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Many operators will attempt to take advantage of the exception for “minor servicing activities” without having thoroughly evaluated each requirement that must be met in order to truly qualify for it. First, the definition of such activities must be properly understood. In addition to the language in the actual standard, the Compliance Directive for LOTO (CPL 02-00-147) lists “lubricating, draining sumps, servicing filters, making simple adjustments, and inspecting for leaks and/or malfunction” as examples of
1. You are responsible for contractors too. Some companies believe they can get around the requirement for creating LOTO procedures because they contract the work out to a third party. The reality is that OSHA requires a procedure to be available when there’s an inspection. If a contractor is hurt while working on a piece of equipment in your facility, OSHA can, and will, cite both companies for lack of LOTO compliance. To achieve compliance,
2. Audits are required — every year. There’s no way around it and don’t waste time looking. The requirement is every procedure, every year. This means each machine-specific procedure in your facility must be reviewed at least annually to ensure it’s still available and accurate. Additionally, OSHA requires that you audit your authorized employees — those applying locks — to confirm they comprehend the proper usage of the program. Any deficiencies identified during the procedure or the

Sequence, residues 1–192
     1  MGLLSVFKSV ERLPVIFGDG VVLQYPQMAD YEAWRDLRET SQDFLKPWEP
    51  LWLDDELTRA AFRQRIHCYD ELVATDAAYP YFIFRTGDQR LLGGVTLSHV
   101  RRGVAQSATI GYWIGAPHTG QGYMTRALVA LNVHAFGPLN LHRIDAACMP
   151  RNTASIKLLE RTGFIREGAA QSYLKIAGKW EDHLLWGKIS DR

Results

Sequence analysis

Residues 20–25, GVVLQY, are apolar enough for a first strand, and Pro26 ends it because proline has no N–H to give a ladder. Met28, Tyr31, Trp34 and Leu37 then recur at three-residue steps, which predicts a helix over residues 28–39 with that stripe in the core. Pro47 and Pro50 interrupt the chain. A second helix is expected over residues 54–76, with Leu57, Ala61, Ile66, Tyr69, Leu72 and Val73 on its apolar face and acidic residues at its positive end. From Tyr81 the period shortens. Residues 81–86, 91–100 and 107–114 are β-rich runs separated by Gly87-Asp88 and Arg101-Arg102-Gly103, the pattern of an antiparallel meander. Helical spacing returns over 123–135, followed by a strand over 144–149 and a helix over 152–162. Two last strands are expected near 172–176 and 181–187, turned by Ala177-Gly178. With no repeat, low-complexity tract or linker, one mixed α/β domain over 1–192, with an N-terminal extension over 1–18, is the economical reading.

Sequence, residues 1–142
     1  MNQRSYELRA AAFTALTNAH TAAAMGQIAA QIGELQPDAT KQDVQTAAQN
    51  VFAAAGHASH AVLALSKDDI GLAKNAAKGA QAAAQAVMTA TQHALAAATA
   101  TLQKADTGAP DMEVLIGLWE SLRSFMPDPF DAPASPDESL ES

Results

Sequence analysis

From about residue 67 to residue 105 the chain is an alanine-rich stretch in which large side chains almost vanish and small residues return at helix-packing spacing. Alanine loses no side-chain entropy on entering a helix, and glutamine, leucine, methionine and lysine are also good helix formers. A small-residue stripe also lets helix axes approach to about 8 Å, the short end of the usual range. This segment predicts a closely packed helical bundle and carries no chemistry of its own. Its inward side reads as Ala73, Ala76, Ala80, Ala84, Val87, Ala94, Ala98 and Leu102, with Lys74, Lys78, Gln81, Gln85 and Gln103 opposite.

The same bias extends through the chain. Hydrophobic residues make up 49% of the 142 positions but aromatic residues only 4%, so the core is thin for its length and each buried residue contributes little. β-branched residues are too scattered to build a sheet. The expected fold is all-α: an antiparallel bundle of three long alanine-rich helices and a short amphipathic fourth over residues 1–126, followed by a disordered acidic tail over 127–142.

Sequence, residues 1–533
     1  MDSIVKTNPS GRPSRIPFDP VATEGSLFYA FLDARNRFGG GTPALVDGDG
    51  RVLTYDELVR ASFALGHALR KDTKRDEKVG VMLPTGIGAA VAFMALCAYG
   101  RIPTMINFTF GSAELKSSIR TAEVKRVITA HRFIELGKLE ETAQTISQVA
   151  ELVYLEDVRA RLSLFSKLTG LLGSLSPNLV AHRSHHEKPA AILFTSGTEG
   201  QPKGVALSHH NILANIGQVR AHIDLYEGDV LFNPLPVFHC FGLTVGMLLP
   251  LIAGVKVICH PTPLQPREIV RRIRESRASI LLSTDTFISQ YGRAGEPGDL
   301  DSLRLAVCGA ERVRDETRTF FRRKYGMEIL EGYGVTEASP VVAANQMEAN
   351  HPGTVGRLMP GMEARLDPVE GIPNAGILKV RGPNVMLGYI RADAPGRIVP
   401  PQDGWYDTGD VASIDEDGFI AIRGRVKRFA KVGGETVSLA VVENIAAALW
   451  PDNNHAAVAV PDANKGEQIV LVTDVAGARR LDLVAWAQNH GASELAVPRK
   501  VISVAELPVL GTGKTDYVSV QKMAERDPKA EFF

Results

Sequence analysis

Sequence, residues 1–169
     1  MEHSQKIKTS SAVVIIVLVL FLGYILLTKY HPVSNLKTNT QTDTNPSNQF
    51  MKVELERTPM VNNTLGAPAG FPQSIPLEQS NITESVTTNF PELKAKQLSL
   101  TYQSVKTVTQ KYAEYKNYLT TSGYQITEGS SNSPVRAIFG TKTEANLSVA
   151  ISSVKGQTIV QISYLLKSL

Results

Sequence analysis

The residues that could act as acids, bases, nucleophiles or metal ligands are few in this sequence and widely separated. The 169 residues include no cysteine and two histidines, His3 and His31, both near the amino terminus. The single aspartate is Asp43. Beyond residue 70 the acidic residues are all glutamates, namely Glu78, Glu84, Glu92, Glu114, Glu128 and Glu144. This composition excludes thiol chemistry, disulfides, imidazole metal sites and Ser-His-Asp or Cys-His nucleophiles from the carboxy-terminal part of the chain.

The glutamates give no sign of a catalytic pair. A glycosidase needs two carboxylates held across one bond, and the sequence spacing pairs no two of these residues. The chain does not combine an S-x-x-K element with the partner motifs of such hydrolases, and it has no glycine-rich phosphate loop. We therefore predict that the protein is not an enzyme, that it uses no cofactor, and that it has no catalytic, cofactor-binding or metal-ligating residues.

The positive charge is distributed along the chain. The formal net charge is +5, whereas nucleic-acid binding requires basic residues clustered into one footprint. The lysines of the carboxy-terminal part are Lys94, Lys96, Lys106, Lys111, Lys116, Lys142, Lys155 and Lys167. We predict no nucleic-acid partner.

3. Procedures are required. OSHA requires machine-specific procedures for all equipment in your facility. Some might argue there are exceptions to this rule, but experience has shown it’s not worth the effort to identify the very small percentage (less than 5%) that doesn’t require a procedure. In short, if you can service it, it needs a procedure. A LOTO procedure’s purpose is to detail out all the critical information that needs to be known to

NFPA 70E 2018 Changes

Posted by Steven B on May 3, 2018

NFPA 70E 2018 will affect the way you develop your energy control procedures and it important you know how that applies. Lockout Tagout procedures must now be developed using up-to-date 1 line electrical drawings. iLockitOut Software and our custom procedures complies with this standard. Upload your 1 line drawing and attach them to each procedure for viewing during lockout to assure safe work practices. Article 110 General Requirements for Electrical Safety-Related Work Practices 110.1(K)(3) Lockout/Tagout